By SALINA POST
October is National Bullying Prevention Month and Child Advocacy and Parenting Services (CAPS) is doing its part to spread awareness of the need to replace bullying behavior with kindness.
CAPS is home to the Bullying Prevention education program that visits elementary and middle school classes in the surrounding area.
Stopbullying.gov reports bullying prevention approaches that involve the entire school community show the most promise in creating spaces of safety and respect.
CAPS Bullying Prevention uses strategies to strengthen targets and witnesses to use their power to end bullying. The goal is to empower students to use empathy and reconciliatory justice with their peers. CAPS Bullying Prevention encourages youth to replace bullying with positive behaviors and actions.
Additionally, CAPS is joining forces with DVACK for a Speak Night at 7 p.m. Oct. 22 at Ad Astra Books & Coffee House, 141 N. Santa Fe Avenue. Participants can speak out against bullying and violence with a story, poetry, song or other five-minute performance. To sign up, email Lora Kirmer at [email protected].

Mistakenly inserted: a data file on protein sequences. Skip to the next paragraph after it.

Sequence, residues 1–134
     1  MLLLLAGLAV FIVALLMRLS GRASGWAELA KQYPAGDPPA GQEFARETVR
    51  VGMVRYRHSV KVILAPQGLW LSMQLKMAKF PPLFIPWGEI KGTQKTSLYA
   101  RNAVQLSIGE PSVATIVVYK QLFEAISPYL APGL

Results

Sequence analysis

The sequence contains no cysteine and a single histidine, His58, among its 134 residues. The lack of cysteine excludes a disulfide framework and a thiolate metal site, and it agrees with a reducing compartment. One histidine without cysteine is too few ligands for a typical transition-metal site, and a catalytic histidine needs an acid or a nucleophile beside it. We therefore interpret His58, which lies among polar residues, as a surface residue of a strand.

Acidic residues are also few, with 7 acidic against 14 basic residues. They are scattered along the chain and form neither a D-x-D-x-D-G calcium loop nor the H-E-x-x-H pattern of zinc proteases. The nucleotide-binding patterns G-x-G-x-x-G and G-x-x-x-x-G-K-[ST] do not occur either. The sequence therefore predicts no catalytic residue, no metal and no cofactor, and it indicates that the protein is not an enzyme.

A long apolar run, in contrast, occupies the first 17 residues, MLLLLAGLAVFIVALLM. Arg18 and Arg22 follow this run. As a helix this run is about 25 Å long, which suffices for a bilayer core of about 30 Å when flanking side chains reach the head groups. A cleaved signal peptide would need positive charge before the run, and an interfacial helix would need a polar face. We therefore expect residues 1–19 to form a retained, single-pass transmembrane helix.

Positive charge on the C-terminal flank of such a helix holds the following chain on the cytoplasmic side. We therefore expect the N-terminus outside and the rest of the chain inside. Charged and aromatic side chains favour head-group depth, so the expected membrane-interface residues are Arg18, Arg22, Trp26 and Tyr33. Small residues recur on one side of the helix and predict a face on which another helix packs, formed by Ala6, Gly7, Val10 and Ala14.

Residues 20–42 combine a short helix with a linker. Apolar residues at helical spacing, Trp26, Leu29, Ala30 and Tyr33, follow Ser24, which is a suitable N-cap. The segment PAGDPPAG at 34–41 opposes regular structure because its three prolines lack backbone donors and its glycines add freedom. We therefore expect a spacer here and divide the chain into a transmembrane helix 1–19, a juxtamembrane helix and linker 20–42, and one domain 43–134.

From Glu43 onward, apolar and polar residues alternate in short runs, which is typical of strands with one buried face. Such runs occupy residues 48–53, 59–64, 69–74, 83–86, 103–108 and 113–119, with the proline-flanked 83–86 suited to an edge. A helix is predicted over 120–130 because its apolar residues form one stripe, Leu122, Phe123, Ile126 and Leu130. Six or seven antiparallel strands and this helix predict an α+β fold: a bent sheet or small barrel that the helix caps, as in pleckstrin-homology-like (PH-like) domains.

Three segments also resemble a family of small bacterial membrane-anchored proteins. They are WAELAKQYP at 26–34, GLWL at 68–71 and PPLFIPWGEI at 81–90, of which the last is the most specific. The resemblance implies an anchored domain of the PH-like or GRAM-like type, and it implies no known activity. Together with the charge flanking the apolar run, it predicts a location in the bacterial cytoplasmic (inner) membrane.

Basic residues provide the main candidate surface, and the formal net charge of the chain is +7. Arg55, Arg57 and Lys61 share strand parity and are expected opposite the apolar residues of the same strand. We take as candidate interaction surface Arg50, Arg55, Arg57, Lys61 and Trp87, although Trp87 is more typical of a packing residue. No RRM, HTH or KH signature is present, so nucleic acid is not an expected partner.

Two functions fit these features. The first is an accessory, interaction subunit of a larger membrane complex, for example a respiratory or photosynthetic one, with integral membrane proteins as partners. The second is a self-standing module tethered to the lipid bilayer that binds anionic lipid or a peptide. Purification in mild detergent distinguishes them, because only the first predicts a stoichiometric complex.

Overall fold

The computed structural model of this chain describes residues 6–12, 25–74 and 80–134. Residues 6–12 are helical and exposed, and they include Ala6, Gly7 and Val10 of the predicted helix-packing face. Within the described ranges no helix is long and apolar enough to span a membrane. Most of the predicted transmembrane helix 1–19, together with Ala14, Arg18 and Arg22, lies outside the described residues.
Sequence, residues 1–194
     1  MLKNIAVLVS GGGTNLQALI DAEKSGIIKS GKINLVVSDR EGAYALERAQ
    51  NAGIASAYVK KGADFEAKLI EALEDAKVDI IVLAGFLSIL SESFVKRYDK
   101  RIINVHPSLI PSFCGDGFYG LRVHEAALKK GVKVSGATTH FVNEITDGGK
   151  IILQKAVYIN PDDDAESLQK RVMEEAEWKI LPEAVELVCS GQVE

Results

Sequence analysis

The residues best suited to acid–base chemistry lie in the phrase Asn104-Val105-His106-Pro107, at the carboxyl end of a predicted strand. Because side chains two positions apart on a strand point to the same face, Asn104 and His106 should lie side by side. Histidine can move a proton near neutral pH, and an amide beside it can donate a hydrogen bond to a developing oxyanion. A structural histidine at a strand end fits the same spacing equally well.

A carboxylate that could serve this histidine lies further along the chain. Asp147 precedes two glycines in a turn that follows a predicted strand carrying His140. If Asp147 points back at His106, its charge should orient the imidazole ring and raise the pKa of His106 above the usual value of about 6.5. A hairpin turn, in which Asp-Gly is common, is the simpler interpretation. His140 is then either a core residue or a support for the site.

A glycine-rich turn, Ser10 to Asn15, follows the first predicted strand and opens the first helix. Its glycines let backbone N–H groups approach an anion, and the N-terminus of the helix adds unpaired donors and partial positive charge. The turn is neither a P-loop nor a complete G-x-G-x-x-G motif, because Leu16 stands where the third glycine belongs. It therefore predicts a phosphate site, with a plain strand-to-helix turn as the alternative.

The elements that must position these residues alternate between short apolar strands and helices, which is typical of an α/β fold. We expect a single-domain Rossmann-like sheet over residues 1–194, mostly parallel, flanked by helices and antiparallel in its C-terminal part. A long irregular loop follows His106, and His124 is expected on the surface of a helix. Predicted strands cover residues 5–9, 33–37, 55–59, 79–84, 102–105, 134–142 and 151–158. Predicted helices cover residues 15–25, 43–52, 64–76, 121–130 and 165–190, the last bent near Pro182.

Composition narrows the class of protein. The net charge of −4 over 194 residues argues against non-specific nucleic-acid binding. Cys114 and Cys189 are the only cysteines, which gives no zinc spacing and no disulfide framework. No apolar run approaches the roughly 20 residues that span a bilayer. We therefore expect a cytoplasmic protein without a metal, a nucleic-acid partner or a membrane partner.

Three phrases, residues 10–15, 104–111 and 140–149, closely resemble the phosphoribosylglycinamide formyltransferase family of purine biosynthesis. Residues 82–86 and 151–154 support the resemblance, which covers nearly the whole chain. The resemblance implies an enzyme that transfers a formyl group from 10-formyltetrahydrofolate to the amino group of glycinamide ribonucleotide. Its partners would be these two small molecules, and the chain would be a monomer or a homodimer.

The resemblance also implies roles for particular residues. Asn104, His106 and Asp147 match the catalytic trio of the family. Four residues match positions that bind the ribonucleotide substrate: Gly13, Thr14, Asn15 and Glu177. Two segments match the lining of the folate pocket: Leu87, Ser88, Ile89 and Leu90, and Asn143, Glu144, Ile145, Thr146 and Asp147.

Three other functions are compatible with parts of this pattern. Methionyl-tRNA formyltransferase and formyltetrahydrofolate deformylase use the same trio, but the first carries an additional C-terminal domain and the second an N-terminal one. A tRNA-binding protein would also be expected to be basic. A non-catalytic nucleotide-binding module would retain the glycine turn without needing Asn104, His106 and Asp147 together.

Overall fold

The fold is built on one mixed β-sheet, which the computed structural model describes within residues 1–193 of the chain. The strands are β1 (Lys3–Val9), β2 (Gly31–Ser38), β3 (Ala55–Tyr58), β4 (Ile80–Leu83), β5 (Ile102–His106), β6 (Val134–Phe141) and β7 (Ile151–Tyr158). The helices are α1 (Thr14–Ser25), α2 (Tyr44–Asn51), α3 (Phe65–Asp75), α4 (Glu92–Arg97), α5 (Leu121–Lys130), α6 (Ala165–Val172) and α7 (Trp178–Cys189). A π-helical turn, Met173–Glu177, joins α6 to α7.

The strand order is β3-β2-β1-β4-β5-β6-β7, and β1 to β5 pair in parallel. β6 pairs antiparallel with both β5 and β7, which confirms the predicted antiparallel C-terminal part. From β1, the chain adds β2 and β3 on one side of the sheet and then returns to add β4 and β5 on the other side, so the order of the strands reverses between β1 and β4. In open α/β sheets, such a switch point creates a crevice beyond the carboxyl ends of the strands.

CAPS also encourages people to flood their social media feeds with acts of kindness as a part of the CAPS Kindness Challenge.
Each Monday, a new challenge is posted on the CAPS Facebook and Instagram, encouraging people to take a picture while completing the challenge. Find CAPS at:
@capsofsalina on Twitter and Instagram
Post your picture with #SpreadKindness and tag CAPS. Posts will be entered into a drawing to win a “kindness kit” at the end of the month.
According to the National Center for Educational Statistics, one out of every five students reported being bullied either in person or online in 2019. The 2021 Kansas Communities That Care Survey data showed a rise in cyberbullying among Kansas students during the 2020-2021 school year. Students who experience bullying are at an increased risk for depression, anxiety, sleep deprivation or difficulties and lower academic performance (Center for Disease Control, 2019). The effects of bullying on all youth, including those who bully others and those who witness bullying, may continue into adulthood.